Participating insurance contracts and the Rothschild-Stiglitz equilibrium puzzle


We show that an equilibrium always exists in the Rothschild-Stiglitz insurance market model with adverse selection when insurers can offer either non- participating or participating policies, i.e. insurance contracts which may involve policy dividends or supplementary calls for premium. The equilibrium coincides with the Miyazaki- Spence-Wilson equilibrium, which may involves cross-subsidization between contracts within subgroups of individuals. The paper establishes that participating policies act as an implicit threat that dissuades deviant insurers who aim at attracting low risk individuals only. The model predicts that the mutual corporate form should be prevalent in insurance markets or submarkets where second-best Pareto efficiency requires cross-subsidization between risk types. Stock insurers and mutuals may coexist, with stock insurers offering insurance coverage at actuarial price and mutuals cross-subsidizing risks.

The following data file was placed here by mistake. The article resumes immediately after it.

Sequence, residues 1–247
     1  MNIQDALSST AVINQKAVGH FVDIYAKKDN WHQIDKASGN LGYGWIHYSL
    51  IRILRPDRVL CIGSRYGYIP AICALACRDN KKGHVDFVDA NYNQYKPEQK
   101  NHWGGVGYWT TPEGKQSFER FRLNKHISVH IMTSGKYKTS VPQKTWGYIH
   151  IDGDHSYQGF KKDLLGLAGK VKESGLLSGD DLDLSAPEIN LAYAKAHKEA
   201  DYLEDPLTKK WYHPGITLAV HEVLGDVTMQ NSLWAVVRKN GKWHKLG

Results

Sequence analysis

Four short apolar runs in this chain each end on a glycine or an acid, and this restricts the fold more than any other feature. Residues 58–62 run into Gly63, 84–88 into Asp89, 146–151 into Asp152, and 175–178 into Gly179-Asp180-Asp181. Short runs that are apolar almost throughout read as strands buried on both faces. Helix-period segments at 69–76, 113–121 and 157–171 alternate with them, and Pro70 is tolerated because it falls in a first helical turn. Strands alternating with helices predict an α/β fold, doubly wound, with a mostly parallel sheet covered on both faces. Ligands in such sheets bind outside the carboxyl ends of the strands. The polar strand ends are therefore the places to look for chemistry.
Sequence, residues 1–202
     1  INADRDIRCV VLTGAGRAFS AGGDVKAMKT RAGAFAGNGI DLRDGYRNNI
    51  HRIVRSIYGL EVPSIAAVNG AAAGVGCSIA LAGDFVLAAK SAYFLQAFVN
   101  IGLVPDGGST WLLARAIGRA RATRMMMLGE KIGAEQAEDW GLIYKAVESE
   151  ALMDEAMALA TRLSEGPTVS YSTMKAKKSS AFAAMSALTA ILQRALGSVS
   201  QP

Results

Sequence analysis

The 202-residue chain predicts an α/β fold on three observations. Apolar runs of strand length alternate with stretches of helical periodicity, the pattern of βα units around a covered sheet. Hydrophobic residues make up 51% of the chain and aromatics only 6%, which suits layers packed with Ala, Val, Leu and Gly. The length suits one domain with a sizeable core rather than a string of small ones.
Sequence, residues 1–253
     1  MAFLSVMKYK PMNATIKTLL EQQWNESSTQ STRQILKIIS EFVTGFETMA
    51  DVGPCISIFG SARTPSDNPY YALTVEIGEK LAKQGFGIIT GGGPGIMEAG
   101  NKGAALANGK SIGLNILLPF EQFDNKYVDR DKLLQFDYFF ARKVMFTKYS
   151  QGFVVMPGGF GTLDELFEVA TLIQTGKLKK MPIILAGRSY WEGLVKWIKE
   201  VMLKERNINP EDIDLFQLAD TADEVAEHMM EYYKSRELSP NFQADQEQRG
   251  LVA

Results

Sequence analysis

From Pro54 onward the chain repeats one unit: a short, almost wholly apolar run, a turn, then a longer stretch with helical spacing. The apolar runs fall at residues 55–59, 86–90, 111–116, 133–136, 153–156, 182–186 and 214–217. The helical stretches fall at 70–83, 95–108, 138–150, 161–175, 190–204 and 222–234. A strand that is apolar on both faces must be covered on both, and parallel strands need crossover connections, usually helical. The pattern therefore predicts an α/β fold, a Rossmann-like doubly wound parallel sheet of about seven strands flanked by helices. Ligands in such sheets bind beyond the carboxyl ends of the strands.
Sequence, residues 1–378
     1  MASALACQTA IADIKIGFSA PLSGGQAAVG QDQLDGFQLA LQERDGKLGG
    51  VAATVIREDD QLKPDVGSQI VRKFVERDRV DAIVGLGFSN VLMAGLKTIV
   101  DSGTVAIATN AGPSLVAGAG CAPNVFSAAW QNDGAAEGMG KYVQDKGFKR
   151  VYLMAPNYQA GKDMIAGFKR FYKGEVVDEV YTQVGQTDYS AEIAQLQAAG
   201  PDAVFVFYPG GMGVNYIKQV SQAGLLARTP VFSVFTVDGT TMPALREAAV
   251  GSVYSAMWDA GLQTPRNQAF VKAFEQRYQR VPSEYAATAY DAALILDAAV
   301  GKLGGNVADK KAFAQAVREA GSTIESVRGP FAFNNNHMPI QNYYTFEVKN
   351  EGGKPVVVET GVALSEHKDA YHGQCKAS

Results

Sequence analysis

Similar works